Lucinda Rogers: On Gentrification, House of Illustration, London
London-based artist Lucinda Rogers‘ latest exhibition explores East London’s 200-year-old Ridley Road Market and a new block of luxury flats soon to be unveiled there. Well known as an illustrator of newspaper columns, Rogers is also a reportage artist, drawing directly from life. This specially commissioned set of drawings offers an intriguing take on the impact of gentrification.
Until 25 March 2018, www.houseofillustration.org.uk
Mary Reid Kelley and Patrick Kelley: We Are Ghosts, Tate, Liverpool
For their first UK exhibition in a public gallery, American artists Mary Reid Kelley and Patrick Kelley are showing two films and a number of lightbox photographs. The pair reimagine life on a US Navy Submarine at the end of the second world war in surreal stories part inspired by history and mythology. The artists act in multiple roles, their characters telling stories that imagine unrecorded histories.
Until 18 March 2018, www.tate.org.uk
humansbeingdigital, The Lowry, Salford
This group exhibition features nine international artists exploring the links between humans, machines and technology. At the root of the show is the idea that technology is often considered mechanical, cold or inhuman, whereas art forms such as painting and music are not. Questioning this view, the works of Felix Luque Sanchez, Max Dovey and Libby Heaney use humorous aspects of modern communication – emails, Instagram and Tinder respectively. Dovey’s installation even uses an algorithm to decide if visitors look ‘hipster’ enough to enter his work, A Hipster Bar. Other contributing artists are: U_Joo and Limhee Young, Thom Kubli, Nye Thompson, Thomson and Craighead, Mary Maggic, Mango Chijo Tree and The Jayder, and Pascal Haudressy.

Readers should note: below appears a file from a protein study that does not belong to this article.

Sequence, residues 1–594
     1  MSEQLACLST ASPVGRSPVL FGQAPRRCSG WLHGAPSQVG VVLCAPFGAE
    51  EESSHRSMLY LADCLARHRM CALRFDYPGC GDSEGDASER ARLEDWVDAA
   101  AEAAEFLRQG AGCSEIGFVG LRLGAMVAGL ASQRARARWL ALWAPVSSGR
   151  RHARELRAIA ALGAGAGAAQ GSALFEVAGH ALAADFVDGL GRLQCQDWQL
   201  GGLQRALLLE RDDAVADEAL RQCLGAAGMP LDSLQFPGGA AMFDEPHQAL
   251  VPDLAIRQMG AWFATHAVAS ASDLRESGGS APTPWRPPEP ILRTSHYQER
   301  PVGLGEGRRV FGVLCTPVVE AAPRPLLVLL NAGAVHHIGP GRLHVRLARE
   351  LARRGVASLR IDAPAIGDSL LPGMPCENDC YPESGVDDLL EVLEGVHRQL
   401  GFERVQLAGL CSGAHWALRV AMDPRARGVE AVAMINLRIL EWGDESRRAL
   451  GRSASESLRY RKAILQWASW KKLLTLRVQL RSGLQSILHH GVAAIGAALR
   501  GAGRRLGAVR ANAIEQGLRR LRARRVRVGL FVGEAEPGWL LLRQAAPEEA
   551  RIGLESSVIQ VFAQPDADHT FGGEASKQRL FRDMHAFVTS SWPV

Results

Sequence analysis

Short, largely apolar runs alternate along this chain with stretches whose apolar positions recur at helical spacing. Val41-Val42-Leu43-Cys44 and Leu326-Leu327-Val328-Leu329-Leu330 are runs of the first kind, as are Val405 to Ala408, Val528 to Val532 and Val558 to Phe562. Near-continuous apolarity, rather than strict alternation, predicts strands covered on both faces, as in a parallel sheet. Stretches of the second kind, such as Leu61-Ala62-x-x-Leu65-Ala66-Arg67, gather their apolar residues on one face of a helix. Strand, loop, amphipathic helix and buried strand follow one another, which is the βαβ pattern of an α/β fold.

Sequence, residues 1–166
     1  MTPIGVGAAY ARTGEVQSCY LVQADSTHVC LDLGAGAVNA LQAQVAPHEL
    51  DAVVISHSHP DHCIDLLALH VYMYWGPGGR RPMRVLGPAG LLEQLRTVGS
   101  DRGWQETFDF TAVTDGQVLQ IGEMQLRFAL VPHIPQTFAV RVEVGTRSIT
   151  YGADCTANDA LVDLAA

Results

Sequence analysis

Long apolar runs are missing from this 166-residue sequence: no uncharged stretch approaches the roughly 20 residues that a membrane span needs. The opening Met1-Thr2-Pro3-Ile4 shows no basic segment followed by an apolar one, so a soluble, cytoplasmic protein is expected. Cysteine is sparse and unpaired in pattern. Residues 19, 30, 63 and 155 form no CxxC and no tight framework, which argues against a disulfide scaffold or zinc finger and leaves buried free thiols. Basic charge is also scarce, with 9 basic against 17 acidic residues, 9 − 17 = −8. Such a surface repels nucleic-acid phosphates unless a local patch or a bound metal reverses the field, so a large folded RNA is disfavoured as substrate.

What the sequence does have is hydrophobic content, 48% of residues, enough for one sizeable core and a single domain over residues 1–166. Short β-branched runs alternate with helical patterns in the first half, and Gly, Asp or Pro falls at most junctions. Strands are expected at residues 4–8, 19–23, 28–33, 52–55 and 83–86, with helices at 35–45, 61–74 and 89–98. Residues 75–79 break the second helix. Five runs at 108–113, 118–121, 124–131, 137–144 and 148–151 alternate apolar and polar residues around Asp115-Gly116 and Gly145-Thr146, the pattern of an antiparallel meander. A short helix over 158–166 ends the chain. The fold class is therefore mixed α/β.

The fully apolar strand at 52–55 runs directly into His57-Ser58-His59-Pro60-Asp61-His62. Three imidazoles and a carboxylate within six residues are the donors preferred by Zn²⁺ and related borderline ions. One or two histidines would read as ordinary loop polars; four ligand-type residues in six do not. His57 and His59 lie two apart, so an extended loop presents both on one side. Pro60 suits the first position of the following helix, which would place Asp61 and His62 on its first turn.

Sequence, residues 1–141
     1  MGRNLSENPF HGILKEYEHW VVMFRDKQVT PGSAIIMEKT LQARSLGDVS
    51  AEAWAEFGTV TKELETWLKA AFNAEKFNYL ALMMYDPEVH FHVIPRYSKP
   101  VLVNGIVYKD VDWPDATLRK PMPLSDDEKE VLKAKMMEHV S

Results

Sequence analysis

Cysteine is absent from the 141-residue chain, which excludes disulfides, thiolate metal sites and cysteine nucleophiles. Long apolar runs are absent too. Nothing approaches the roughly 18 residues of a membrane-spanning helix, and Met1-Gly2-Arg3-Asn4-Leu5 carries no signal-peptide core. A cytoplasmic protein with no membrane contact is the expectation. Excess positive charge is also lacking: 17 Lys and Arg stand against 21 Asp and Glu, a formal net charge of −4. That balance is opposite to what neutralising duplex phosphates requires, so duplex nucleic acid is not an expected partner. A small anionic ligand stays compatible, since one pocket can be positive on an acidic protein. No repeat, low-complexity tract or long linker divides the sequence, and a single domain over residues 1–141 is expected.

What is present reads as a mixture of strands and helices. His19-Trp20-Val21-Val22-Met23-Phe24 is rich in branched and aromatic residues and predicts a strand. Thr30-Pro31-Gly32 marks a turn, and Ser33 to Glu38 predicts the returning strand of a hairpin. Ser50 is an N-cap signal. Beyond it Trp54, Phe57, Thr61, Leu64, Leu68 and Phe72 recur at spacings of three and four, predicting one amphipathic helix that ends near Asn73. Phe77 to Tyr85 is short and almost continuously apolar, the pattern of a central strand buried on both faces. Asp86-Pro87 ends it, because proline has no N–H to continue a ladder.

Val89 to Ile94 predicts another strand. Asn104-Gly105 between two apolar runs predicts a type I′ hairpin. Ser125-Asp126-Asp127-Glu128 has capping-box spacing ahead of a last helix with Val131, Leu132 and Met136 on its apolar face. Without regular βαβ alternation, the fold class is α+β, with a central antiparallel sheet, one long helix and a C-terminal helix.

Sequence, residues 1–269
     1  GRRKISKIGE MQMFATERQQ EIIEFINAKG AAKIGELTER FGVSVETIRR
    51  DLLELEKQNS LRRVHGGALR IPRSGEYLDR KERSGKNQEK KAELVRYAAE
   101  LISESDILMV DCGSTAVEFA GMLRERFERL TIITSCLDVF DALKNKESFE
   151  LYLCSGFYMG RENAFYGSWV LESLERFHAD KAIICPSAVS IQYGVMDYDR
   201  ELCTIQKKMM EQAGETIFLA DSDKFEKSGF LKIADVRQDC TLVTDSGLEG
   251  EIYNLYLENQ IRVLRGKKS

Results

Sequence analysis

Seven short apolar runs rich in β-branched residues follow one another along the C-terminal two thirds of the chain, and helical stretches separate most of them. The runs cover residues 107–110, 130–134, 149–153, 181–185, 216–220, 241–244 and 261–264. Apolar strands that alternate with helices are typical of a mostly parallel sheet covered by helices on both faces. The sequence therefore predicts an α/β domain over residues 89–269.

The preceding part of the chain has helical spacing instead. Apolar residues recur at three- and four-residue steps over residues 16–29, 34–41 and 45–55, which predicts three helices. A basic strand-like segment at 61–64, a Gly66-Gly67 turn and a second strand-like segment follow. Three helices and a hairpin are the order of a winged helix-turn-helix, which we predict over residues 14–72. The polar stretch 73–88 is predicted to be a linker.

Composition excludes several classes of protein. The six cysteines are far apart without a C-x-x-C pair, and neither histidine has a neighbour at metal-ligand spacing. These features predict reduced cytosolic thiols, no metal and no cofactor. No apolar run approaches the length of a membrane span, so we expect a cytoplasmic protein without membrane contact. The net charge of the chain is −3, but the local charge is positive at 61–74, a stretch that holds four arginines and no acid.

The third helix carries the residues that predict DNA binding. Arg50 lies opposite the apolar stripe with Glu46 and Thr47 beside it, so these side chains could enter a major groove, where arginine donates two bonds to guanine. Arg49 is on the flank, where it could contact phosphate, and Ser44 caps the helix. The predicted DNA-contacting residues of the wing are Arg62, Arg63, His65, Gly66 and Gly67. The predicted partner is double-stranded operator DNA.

Until 25 February 2018, www.thelowry.com
Nicolas Party: Speakers, Modern Art Oxford, Oxford
Swiss artist Nicolas Party’s commission for Modern Art Oxford features a series of female heads representing and acknowledging the achievements of pioneering women in the city of Oxford. The work is in response to what the artist considers to be the ‘heavily masculine energy of Oxford’s architecture and academic histories’. The show also incorporates a soundscape of piano, cello and voice arrangements.
Until 18 February 2018, www.modernartoxford.org.uk
Megan Rooney: Momma! Momma!, Tramway, Glasgow
This installation of new work by the Canadian artist Megan Rooney fills Tramway’s smaller, street-facing gallery and oozes a kind of festering, cartoon menace. Packed with sculptural elements that dangle from the ceiling and litter the floor, it revolves around a slumped female figure made from pillows and an old duvet, her clay legs dotted with still burning and burnt out candles. Is she collapsed, comatose, diseased, drugged? It’s hard to fathom but something’s clearly not right in this confused world of stained reputations and domestic trauma. Chris Sharratt
Until 10 December 2017; performance 7 December, 7.30pm, www.tramway.org
1. Lucinda Rogers, Outside ka sh fabric shop
2. Mary Reid Kelley and Patrick Kelley, This Is Offal, 2016. Courtesy of the artists and Pilar Corrias Gallery, London
3. Nicolas Party, Sketch for speaker design, 2017. Image courtesy the artist
4. Megan Rooney, ‘Momma! Momma!’, 2017 Installation view, Courtesy of Megan Rooney, London and Tramway, Glasgow. Photo: © Keith Hunter